A baby-faced guy dancing with the Deamhan seductively snaked his arms around her tiny waist and ground his pelvis against her. Is he crazy? He had to see those teeth up close and personal. He had to know she could sink them into his tender flesh at any moment. Why didn’t he run?
These ruthless creatures didn’t think twice about killing anyone. They maintained their secrecy by hiding, remaining unknown to the world around them. But here they stood, in a vampire club, doing what they wanted without anyone to tell them otherwise. They walked, talked, danced and conversed with their human food.
Alert to their presence now, she scanned the crowd. Deamhan, it seemed, popped up everywhere. Many danced in groups, though some danced alone. Others danced with a single partner, human and Deamhan alike. Yet fear didn’t exist, except in Veronica’s fluttering chest. No one else cared.
To her right, a large crowd had gathered at the bar, cheering on a man who chugged a full bottle of vodka. A cadaverous woman with blonde dreadlocks stood behind him, caressing his shoulders with red-tipped fingers. Her formal black dress accentuated svelte curves, and her crimson lips formed a perfect “O” as she cheered on the drinking man. Even from several yards away, Veronica saw the bright white contrast of the woman’s spiky teeth.
She turned away, immediately spotting two Deamhan males. They ogled the dancing crowd with lusty eyes as they moved like liquid throughout the club, indifferent of being known and unhindered by any repercussions it might cost them.
She felt a gentle tap on her right shoulder and jumped. She whirled around, coming face-to-face with a young waitress with a tray tucked under her left arm, her right hand perched on a pillar.
“You want anything?” she screamed above the music.
Veronica only shook her head, startled by the woman’s bizarre appearance. She wore a black wife beater, faded black pants, and her mascara was smeared and smudged. She winked then turned on her heel and disappeared into the crowd.
The music thundered even louder now, and Veronica returned her attention to the dance floor. Two dancers clad in sheer white shirts, micro-minis, and fishnet stockings gyrated on a raised stage in the center of the dance floor, while a horde of men below them clawed at their feet. One of the dancers placed the spiked heel of her knee-high boot against a man’s forehead and shoved him backward. Like shamans in a ritual trance, the men and women twirled their hands and moved their hips from side to side.
Veronica stared at the performance until the rapidly blinking dance lights caused vertigo to set in. Feeling nauseous, she turned and leaned against the railing that separated the dance floor from the rest of the carpeted venue. She swallowed back bile, resisting the urge to regurgitate the ham and cheese sandwich she’d wolfed down earlier.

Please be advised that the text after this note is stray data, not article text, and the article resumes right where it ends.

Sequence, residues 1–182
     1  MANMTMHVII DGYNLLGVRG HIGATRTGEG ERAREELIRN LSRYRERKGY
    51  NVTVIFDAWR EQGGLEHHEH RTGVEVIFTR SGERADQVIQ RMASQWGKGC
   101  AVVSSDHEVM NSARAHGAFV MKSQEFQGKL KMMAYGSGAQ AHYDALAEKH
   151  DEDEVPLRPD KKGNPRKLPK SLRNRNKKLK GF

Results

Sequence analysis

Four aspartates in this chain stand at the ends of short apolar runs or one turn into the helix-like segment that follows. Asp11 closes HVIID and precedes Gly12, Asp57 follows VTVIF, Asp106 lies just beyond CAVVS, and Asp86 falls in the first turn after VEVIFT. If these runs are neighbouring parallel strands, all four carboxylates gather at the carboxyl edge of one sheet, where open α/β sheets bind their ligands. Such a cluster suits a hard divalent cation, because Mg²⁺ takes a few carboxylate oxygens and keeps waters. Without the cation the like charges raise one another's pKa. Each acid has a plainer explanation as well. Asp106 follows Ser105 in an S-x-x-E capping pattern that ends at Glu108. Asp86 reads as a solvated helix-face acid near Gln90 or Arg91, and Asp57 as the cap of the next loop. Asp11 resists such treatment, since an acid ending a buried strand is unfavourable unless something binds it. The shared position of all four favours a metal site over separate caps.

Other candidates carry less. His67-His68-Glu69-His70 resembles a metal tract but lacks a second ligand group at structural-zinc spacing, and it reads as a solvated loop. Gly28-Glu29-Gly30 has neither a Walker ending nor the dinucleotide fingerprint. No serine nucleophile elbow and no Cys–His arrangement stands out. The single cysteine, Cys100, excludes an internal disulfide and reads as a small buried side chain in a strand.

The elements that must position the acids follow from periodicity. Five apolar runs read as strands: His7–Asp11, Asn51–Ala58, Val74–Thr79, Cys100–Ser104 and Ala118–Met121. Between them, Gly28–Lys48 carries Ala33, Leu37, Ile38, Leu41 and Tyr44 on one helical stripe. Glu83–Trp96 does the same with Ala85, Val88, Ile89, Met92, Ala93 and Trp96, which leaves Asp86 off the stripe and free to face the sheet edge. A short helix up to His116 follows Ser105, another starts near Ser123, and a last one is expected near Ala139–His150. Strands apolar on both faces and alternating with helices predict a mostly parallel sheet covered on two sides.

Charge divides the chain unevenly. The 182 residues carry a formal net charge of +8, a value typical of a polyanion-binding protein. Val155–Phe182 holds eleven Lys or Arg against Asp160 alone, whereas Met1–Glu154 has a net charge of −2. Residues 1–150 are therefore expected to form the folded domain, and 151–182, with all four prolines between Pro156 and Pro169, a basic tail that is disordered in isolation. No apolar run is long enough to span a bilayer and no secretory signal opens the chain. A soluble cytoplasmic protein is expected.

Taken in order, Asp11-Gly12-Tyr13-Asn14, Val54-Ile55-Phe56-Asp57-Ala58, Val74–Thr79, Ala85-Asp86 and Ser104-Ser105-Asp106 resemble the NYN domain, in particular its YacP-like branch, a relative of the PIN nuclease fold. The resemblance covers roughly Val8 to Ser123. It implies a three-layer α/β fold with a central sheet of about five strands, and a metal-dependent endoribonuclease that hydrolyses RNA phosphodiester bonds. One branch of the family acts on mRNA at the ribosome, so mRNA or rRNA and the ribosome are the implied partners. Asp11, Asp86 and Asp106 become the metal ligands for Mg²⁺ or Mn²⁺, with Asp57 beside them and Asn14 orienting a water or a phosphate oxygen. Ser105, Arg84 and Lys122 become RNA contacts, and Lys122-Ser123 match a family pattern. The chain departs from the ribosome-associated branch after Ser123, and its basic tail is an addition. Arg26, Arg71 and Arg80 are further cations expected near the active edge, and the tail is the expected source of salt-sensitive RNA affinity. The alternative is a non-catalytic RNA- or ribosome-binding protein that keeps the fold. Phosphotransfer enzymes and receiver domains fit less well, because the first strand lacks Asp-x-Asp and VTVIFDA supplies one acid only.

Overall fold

The tiny hairs on the back of her neck danced. She felt the waitress standing behind her and stiffened. She knew it was vital to hide her thoughts from Deamhan, and she did her best to make her mind a blank slate by imagining a brick wall.
It was just one of their various abilities. They couldn’t control humans like vampires could with the sounds of their voices. Instead, they forced themselves into a human’s brain, scouring it for any information they desired.
“You okay?” The waitress tapped her on the shoulder. “You sure you don’t want anything?”
A bottle of Jack popped into her mind. “Whiskey.”
“Yeah, just whiskey.”
The waitress twisted her mouth into a wry smile. “Whiskey it is, then.” She headed for the bar.
The music changed tempo and volume. A slow song oozed throughout the club. One of the dancers left the stage with a line of men trailing behind her. She stopped just outside the bathroom door, blew a kiss, and entered, closing the door behind her. As if the spell she’d held over them had broken, the men glanced at each other in confusion, then each headed back toward the dance floor.
The waitress seemed to appear out of nowhere again, and she placed a shot of whiskey on the table in front of Veronica.
She handed her a five. “Keep the change.”
“Thanks.” She folded the bill between her fingers with one hand, and tucked it in her cleavage. “Anything else I can do for ya?”
“Yeah. How long has this place been open?” Veronica glanced around, feigning awe.
The waitress rolled her coal-rimmed eyes to the ceiling and tapped her chin. “It’s been here forever.” She shrugged.
“It’s always packed like this?”
She smiled. “Oh, yeah. Everyone comes here. There’s nothing else to do in boring Minnea-snore-a. You here by yourself?”
“No, I’m with a friend.”
“Well, have fun. It’s a kick ass club.” She waved and walked away.